Not to get too portentous about it, but this question for me points like a flaming golden arrow to a much larger question, which has to do with the health of our collective imagination. That is, are we caught in a diminishing loop of derivative creativity, some kind of stranglehold of the secondhand? Have we wandered deeper into Eliot’s Waste Land — the fragmented panoramas, the “heap of broken images,” only now with more zombies — than the poet himself could have foreseen? Can it be that our highest form of cultural expression is the YouTube mash-up?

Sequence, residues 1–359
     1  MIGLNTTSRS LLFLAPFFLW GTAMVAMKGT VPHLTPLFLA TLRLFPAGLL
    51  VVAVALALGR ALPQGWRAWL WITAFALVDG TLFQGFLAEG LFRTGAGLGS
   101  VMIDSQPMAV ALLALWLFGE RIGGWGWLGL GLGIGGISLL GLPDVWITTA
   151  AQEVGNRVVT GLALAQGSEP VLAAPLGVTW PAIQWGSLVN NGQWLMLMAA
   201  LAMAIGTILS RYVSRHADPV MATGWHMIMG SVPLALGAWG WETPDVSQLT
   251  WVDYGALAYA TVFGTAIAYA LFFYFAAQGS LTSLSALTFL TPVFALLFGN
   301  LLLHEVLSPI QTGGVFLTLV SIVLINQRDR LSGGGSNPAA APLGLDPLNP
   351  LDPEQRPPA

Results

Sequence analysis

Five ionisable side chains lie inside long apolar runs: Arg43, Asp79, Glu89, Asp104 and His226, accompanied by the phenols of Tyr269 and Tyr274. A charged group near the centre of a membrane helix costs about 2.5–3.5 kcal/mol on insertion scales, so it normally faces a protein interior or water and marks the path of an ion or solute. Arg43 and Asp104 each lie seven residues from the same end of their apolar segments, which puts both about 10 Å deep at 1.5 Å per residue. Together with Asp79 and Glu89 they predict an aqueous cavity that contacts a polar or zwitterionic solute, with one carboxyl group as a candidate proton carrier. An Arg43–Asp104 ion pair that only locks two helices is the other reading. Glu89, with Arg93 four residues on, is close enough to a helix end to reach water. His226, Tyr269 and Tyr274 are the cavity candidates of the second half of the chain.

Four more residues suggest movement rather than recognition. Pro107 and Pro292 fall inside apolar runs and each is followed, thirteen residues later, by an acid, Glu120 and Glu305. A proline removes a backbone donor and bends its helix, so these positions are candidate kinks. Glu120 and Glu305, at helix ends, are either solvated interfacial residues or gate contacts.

“The originators, the exuberant men, are extinct,” Evelyn Waugh wrote in 1957, “and in their place subsists and modestly flourishes a generation notable for elegance and variety of contrivance.” We do not have Tolkien, in other words: We have J. J. Abrams. Or Steven Moffat, lead writer of “Doctor Who” since 2009 and co-creator (if that’s the right word) of the new BBC/Benedict Cumberbatch version of Sherlock Holmes. Nothing against Abrams and Moffat; they’re both clearly brilliant — zanily gifted reorganizers and rewirers of material. “Elegance and variety of contrivance,” yes indeed, by the bucketload. My point is that the material, for the most part, is not theirs. They work in tropes, memes, brands, jingles, known quantities, canned reactions, market-tested flavors, whatever you want to call them. The cultural critic Simon Reynolds has named this phenomenon “retromania”: He published a fascinating book about it in 2011. Tolkien, too, was of course drawing on his sources, his own scholarly vaults of inspiration, his Kalevalas and Nibelungenlieds and all that. But he was closer to the root, to the first fictive impulse. Which makes “The Lord of the Rings” a rather juicier and more self-sustaining “subcreation” — to use Tolkien’s terminology — than, say, “Star Trek Into Darkness.”